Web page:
Tuesday, January 29, 2013
Animated Discussions- Batman: The Dark Knight Returns, Part 2
After enjoying part one of the adaptation of Batman: The Dark Knight Returns, I was very excited to see the second part.The second half of the story is the part that really excited me when I read it, and I'm glad to say I was not disappointed.
As with the first part, I'm not going to discuss too much about the plot, since it's well known and discussing a faithful adaptation is more about the style of the film than the plot. Stylistically, the movie is from the same director and animators as the previous film, so it flows seamlessly with the look of the first. It animates Miller's story, and keeps some aspects of his style, especially in the faces and hair, but makes it fluid.
The animation seems particularly suited to some of the especially creepy sequences of the comic. The Joker's flying dolls of death are even more grotesque than in the book, making me think of Jonathan Coulton's song, Creepy Doll. Superman's post nuclear explosion near death experience animates frighteningly well, the field around him withering as he sucks the life from it. And the panel that gave me nightmares as a kid, of the Joker's corpse on fire, is actually translated right to the screen, and still makes my skin crawl.
One thing with this part of the movie that I was very curious to see was how the movie worked with the narration, or without it. Miller's work is littered with purple prose in general, and especially within its captions/thoughts. While Batman: Year One used that narration to good effect, it is far less verbose in Dark Knight Returns; it is more akin to the narration in Sin City. The removal of it works really well here, and the big scenes that have a lot of that narration (the final fights with Joker and Superman) have even more gravity. The silence as Batman just pounds on the Joker, and as his plan to take down Superman reaches fruition makes you watch the animation closer, focus on the action.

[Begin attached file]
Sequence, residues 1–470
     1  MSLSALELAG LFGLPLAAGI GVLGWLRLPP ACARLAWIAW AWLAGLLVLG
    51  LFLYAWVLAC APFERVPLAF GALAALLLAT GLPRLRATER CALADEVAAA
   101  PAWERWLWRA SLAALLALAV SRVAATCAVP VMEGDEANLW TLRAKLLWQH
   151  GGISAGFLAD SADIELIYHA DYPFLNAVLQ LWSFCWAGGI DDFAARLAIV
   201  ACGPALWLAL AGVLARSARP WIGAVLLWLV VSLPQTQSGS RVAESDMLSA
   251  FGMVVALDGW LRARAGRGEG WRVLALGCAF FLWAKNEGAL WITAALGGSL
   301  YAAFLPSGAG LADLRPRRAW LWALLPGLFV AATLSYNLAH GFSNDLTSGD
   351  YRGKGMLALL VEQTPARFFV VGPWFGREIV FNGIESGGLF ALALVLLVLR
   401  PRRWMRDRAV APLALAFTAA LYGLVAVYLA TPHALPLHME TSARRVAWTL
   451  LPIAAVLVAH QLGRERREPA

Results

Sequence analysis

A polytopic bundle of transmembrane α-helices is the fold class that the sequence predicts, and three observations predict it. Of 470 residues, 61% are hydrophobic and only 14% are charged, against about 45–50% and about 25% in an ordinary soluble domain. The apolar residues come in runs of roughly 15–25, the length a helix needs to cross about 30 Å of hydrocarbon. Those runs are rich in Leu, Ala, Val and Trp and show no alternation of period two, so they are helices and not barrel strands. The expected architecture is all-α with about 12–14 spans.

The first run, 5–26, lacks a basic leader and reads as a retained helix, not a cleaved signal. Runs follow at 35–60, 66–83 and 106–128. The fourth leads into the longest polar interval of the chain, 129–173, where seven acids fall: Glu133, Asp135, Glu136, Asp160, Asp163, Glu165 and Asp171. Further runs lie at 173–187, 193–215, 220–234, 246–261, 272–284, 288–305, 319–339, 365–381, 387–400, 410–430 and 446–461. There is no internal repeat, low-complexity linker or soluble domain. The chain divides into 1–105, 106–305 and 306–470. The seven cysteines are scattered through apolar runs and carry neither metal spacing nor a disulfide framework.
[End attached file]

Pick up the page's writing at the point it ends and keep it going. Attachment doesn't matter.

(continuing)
While most of the voice cast are returning from the previous part, there are two major cast additions. Mark Valley's Superman is suited perfectly to this interpretation of the character. He's the boy scout, deep voiced and deferential to those he sees in authority. You can hear the almost beaten note in his voice as he speaks to the president, and yet he presents himself to Batman in the most confident way possible.
Michael Emerson's Joker is different from pretty much any Joker I've ever heard. Mark Hamill's Joker is the definitive animated Joker voice, and I've always found it interesting that while many voice actors have modeled their Batman after Kevin Conroy's Batman, Jokers tend to be wildly divergent. Emerson's Joker has much more of a controlled malice to his voice, keeping with the source material. he isn't manic, at least not until the very end, when he finally lets out a gale of laughter that is perfectly Joker. The lines he delivers while on the David Endochrine talk show, and in the scene where he confronts Selina Kyle are done in this very matter of fact, chilling way that is creepier than if he was cackling madly.
So, with the Dark Knight Returns adaptation now complete, I have to give it an unreserved recommendation. It's been many years since I read the source material, and it has made me curious to go back and read the original story again. This story was written as the last Batman story, but I hope that we see more of them from the DC direct-to-dvd animation if they can all be this good.